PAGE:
Place the flour in a bowl. Make a well in the middle of the flour. Add the olive oil, lemon juice, salt and half of the water and mix these ingredients by working them with your fingertips.

    Gradually add water, knead by hand until the dough is soft and smooth. Cover with a towel and leave it for 30 minutes.

 

   2. Prepare the filling:

    Put olive oil, onions, tomato, salt, pepper and cinnamon in a large frying pan. Sauté and stir gently for about 5 minutes. Transferred the filling in a colander until most of the liquid has disappeared.

   Alternatively, place the onions and salt in a bowl. Squeeze strongly with your palms for 5 minutes. Add tomato, pepper and cinnamon, mix well and put in the colander to drain well.

 

3. Using a rolling pin or a pasta machine, roll out the dough (approx. 0,2 cm thick), on a floured surface, and cut it into circles (about 12 cm diameter).

 

Μ-κρεμμυδοκαλίτσουνα (2)

 

5. In a frying pan on medium heat put the olive oil and fry the onion pies on both sides until they become golden. Remove and place them on absorbing paper.

 

IMG_20180108_192218

 

    Alternatively, place the pies into a lined pan with non-stick paper and brush both sides with olive oil. Bake in a pre-heated oven at 180° C for 30′ or until they become brown.

 

tips and tricks

  • If the dough is too sticky, add a little more flour.
  • Kremidokalitsouna with raw onions are better baked in the oven, while the ones that have been sautéed onions are better fried in the pan.
  • You can freeze them. Place the pies in layers on a shallow pun. Between the layers, add double non-stick paper. Cook them as above, without defreezen.

                               Bon appetite – Kali orexi

IMG_20180108_201219

 

 

 

 

 

Appetizers, Vegetarian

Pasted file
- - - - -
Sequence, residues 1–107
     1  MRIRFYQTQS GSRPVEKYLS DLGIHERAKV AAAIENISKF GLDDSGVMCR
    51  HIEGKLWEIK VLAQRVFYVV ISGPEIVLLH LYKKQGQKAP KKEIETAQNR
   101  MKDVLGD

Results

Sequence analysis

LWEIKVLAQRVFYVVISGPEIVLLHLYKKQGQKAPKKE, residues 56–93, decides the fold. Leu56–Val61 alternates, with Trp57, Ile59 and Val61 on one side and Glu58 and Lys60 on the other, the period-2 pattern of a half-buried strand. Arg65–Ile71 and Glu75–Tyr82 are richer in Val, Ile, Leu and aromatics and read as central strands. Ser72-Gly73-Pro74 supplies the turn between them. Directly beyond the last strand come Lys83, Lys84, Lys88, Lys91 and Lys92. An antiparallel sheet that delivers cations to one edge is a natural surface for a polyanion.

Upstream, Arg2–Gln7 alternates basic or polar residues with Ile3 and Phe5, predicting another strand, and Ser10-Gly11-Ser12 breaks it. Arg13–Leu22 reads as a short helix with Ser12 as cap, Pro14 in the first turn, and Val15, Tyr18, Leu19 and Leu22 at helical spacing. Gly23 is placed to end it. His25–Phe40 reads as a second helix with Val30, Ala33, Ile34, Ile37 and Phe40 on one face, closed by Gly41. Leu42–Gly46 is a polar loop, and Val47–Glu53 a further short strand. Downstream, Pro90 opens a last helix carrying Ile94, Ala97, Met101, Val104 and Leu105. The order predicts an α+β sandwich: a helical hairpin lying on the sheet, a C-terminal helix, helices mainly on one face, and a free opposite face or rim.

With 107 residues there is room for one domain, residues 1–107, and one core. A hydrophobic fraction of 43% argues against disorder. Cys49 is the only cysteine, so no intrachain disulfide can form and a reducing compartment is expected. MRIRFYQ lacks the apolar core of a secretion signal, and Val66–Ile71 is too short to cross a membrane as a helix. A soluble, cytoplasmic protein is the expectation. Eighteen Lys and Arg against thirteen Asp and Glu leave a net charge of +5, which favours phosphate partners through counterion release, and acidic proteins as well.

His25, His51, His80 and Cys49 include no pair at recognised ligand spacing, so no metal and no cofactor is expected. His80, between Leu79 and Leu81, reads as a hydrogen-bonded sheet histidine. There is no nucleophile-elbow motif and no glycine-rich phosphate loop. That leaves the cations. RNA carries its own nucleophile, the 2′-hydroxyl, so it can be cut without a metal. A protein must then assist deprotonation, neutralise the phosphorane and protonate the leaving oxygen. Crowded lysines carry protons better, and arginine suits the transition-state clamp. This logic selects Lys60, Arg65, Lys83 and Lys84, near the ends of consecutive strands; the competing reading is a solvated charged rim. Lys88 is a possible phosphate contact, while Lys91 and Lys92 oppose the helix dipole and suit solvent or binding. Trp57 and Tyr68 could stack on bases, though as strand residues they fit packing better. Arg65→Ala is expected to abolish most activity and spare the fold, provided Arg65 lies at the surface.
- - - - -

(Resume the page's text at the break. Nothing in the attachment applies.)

Dakos or Koukouvagia (owl)

 

Ingredients

3

Recipe steps

19.jpg

 

 

1. Wet the rusks in water (shaking off any excess water) and cover it with a towel for 5 minutes.

 

5

 

2. Put it on a plate, pour it olive oil and little salt. Rub origano in your hands and sprinkle it on the rusk.

 

 

DSC_0242.JPG

 

3. Carefully lay out the tomatoes on the rusks.

 

 

 

DSC_0246 (2)

 

 

4. Then add mizithra above.

 

 

DSC_0249

 

5. Lastly add the black olive oil above in the center, like the eye of an owl.

6. Sprinkle with olive oil. 

 

 

Tips and tricks

  • You can add more olives or kapari or kritamo for more bitterness and saltiness  
  • With the years, the presentation of “koukouvagia” has been evolved so as to look more with the eye of the animal owl (koukouvagia in Greek). This is why the ingredients are placed with care in circle over the “paximadi”. First the tomato, next the local cheese (mizithra) and a black olive in the middle.

Bon appetite – Kali orexi

 


The History

How the “koukouvagia” takes its name?

The history starts in the decade of 1950 in Rethymno. There was a tavern at the suburbs of the town, where all the forbidden pleasures were gathered there: gabling, smoking, women.

The conservative society of these days did not allowed such shops inside the town.

In this tavern they made round rusks which were offered for quick and stimulant meal. They were offered wet in olive oil and with the known goodies on them.

The rumors say that the owner was called Koukouvagias, a known name back then.

Other rumors say that in the area there were many owls (koukouvagia in Greek) that were witnesses of all the night walkers in the area every night.

The only certain fact is that the namekoukouvagia” end up to be the morning codename for all the gentlemen of the high society by saying to each other “Let’s go for koukouvagia at night”

Nice story


23.jpg